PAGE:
Proof of the Problem

Parent trying proof drug use to the son.

It’s common for families to get stuck proving their addict is, in fact, an addict. They feel a need to convince themselves or others that action needs to be taken, so they do things like search the addict’s room, follow him around with GPS, smell his breath, or round up empty bottles, baggies, hypodermic needles, prescriptions, and other evidence of drug use. They also often believe that, if confronted with physical evidence, the addict will be unable to deny he has a problem.


  • Well, I have news for you; addicts can invalidate, obfuscate and cast doubt on seemingly indisputable evidence with such alacrity that they can stand there with crack pipe in hand and categorically deny they use drugs.

  • Here’s the good news: You do not need to prove anything. Move on to finding a program and getting him into it. Even as an interventionist I don’t confront addicts. I never have and never will, and I have a success rate well over 90%.

An intervention is not a process of discovery. It is not a time to “get answers.” Proof of drug use is only valuable to the extent it motivates you to move things forward, so if you are not sure that there is a problem that merits treatment, then you are not ready to do an intervention.

If you are certain there is a problem, put the urine test away. Put the pipes and the scorched aluminum foil in the trash. If an offer of rehabilitation is on the table, it’s obvious what everyone is talking about.

Open hand

The world of the addict is full of shadows and fear, and he is already feeling as wrong as he can possibly be. He does not need to be proved wrong. He needs to be given a way out.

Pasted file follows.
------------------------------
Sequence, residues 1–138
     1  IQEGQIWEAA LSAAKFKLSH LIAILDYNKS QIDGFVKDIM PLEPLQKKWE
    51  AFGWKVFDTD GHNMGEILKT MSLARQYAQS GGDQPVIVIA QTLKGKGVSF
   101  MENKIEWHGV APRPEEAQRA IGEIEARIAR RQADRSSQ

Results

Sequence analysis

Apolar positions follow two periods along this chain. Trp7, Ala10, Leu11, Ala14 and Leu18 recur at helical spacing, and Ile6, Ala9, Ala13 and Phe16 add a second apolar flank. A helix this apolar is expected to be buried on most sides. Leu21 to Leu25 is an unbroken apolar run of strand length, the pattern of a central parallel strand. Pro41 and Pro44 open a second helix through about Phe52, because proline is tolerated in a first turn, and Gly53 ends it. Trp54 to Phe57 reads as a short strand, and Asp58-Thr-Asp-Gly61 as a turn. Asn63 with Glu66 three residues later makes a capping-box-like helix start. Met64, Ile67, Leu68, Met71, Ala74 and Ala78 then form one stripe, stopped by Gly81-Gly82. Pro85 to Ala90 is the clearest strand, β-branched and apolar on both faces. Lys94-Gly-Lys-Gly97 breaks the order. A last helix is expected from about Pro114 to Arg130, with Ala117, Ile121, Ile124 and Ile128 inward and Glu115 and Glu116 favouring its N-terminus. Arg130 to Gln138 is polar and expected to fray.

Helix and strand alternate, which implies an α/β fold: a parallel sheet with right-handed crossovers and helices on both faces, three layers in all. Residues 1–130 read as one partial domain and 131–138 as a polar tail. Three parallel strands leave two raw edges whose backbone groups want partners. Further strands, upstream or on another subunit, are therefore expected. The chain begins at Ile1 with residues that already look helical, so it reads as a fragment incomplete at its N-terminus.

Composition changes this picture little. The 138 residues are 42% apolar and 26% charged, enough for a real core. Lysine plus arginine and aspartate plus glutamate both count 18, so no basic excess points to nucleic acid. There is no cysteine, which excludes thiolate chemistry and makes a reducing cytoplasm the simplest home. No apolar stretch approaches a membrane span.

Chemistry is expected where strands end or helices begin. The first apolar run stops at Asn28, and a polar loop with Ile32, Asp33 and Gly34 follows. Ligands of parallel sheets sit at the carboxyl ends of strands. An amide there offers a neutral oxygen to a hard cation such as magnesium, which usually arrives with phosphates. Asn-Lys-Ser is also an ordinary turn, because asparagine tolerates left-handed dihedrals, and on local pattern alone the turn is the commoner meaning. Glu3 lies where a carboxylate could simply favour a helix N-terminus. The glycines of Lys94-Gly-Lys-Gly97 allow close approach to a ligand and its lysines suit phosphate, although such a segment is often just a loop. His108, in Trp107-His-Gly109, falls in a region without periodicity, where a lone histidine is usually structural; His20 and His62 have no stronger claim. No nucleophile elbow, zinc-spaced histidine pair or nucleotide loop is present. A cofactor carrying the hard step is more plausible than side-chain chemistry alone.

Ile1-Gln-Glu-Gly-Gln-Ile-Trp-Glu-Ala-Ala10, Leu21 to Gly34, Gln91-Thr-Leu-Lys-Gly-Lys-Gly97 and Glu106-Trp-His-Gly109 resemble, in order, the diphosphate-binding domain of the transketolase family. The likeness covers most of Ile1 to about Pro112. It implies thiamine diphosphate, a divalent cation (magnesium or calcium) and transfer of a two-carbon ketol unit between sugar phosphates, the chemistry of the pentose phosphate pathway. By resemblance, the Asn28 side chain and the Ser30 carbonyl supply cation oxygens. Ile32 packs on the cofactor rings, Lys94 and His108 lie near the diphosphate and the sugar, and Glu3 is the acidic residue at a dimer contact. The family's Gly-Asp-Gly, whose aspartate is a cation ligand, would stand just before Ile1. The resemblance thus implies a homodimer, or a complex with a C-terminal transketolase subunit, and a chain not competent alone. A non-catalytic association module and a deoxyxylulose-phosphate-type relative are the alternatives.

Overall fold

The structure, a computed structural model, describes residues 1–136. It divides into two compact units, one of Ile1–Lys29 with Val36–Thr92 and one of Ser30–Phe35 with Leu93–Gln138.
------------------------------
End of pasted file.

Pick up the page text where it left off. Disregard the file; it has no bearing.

This may go against Uncle Mike who wants to say his piece, or other family members seeking to justify their treatment of the addict or to condemn his treatment of them, but such actions will only create a greater rift in the family and literally serves no purpose.

If your loved one has lost his way, focus your efforts on finding a program like Narconon and then present it as enticingly as possible. In fact, if the issue of proving the addiction comes up, push that conversation aside. Instead, make the point that you are not there to judge or evaluate whether the person is an addict, but you are there to let him know that you are no longer willing to participate in his self-destructive behavior.

I remember an intervention I did where one family member presented me with a box of old pipes, baggies, burnt foil, etc. He had a big smile on his face and expected me to welcome this gift with an “Aha!” and then use it, no doubt, during the meeting we were planning in order to corner the addict into a confession. But, as an ex-addict, I knew I would never have wanted that done to me. It would have just pissed me off and make me distrust everyone, especially since I hid my stash pretty well, I wouldn’t know what my family was up to. On top of that, it’s the ultimate in humiliation. Humiliating or embarrassing an addict should never be on your agenda. Humiliating someone, especially an addict, is not only pointless, it’s downright counterproductive. “Getting to the truth” is utterly unimportant during an intervention.

The only truth that’s important is the fact that your loved one has lost his way in life, not how much cocaine he does or whether it’s crack or freebase, legal or illegal or whatever. The mere fact that you’re reading this tells a tale. If your loved one were in good shape you’d be on some other website reading the news. But you’re not. You’re here. This means you already know your loved one has lost his way. What he needs now is a way out, and a solution he can have. A way out that doesn’t involve the embarrassment of “proof” will be received a lot better than one that does.

AUTHOR

Steve

Steve grew up in Berkeley, California. There, he was exposed to drug use while still in grammar school. Over the next two decades, his family tried many times to help Steve, but it wasn’t until 2001 when he was introduced to Narconon that he recovered permanently. Two weeks after graduating, Steve did his first intervention. He was told the situation was next to impossible. Two days later, Steve drove the addict to the front doors of Narconon. Since that day, Steve has helped hundreds of families help those they love as a professional interventionist. You can contact Steve through his site or on LinkedIn.